Lieutenant Colonel Sir Francis Edward Younghusband, (31 May 1863 – 31 July 1942) was a British Army officer, explorer, and spiritual writer.
Francis Montague Holl (London 4 July 1845 – 31 July 1888 London) was an English painter and royal portraitist.
Frederick Hamilton may refer to.
Frederick Hamilton-Temple-Blackwood may refer to.
Frederick Temple Hamilton-Temple-Blackwood, 3rd Marquess of Dufferin and Ava DSO, PC (26 February 1875 – 21 July 1930), styled Lord Frederick Blackwood between 1888 and 1918, was a British soldier and politician.
Frederick William Robert Stewart, 4th Marquess of Londonderry (7 July 1805 – 25 November 1872), styled Viscount Castlereagh between 1822 and 1854, was a British nobleman and Tory politician.
Cassard was a steam corvette of the French Navy.
Friedrich Rosen or Fritz Rosen (Leipzig, August 30, 1856 – November 27, 1935, Beijing) was a German Orientalist, diplomat and politician.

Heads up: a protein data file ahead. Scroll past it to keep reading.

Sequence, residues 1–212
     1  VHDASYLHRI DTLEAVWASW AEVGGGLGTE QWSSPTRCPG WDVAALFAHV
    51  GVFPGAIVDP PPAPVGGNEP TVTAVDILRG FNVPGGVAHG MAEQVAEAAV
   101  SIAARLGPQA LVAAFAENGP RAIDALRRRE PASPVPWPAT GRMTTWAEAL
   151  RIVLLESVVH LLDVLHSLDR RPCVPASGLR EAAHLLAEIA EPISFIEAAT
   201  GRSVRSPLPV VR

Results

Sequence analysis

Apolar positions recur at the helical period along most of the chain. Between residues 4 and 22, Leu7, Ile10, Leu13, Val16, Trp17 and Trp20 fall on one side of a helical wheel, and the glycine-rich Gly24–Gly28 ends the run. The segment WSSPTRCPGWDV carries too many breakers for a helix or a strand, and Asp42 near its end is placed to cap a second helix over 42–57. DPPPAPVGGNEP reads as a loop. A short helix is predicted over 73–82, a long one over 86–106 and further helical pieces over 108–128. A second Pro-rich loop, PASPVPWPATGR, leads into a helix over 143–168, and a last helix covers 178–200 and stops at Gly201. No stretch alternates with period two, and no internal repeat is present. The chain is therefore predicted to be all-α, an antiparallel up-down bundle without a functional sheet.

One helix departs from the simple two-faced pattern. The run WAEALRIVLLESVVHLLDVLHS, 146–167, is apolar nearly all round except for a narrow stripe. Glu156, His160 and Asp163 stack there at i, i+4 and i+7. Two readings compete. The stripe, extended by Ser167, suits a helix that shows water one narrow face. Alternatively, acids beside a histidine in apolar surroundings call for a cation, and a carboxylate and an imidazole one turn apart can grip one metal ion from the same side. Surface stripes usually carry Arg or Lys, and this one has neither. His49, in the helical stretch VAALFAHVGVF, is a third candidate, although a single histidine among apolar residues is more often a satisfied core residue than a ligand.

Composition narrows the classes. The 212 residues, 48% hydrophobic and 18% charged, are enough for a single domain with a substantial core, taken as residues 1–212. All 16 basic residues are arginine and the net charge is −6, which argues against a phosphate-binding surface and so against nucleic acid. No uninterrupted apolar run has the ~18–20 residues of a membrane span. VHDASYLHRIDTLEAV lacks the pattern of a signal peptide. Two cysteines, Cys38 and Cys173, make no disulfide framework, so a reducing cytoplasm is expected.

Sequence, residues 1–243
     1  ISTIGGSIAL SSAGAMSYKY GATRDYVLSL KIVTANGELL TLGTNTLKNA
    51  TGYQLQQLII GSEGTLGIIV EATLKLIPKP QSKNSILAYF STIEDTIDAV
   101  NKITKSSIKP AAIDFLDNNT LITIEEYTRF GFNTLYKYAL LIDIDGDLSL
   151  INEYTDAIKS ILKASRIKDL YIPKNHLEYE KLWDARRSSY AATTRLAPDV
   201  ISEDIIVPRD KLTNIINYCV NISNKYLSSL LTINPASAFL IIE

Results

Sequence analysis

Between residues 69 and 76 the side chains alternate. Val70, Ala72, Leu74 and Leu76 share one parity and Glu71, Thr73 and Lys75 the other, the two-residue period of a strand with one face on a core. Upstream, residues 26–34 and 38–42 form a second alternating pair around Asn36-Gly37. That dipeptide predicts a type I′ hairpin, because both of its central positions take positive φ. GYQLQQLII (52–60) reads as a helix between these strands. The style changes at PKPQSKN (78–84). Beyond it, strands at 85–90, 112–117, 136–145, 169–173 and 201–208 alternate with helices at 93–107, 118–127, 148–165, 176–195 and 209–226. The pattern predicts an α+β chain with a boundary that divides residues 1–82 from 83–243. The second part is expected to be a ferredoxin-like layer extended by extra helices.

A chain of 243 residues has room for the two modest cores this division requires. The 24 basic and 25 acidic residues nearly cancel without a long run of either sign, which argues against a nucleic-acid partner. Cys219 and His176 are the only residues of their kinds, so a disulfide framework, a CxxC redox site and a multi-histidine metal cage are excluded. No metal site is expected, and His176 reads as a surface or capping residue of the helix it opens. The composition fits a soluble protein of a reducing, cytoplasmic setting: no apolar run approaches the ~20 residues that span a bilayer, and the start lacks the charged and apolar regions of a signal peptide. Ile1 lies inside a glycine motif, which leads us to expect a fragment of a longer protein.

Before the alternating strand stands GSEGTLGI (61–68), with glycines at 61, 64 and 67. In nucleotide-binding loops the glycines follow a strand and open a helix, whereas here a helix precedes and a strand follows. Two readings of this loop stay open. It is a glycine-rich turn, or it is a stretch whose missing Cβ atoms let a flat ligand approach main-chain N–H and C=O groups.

George Robert Elsmie CSI (31 October 1838 – 26 March 1909) was a Scottish civil servant and judge in India, known also as an author.
George Frederick Samuel Robinson, 1st Marquess of Ripon, (24 October 1827 – 9 July 1909), styled Viscount Goderich from 1833 to 1859 and known as the Earl of Ripon in 1859 and as the Earl de Grey and Ripon from 1859 to 1871, was a British politician who served in every Liberal cabinet from 1861 until the year before his death, which took place forty-eight years later.
There is widespread belief in ghosts in English-speaking cultures, where ghosts are manifestations of the spirits of the dead.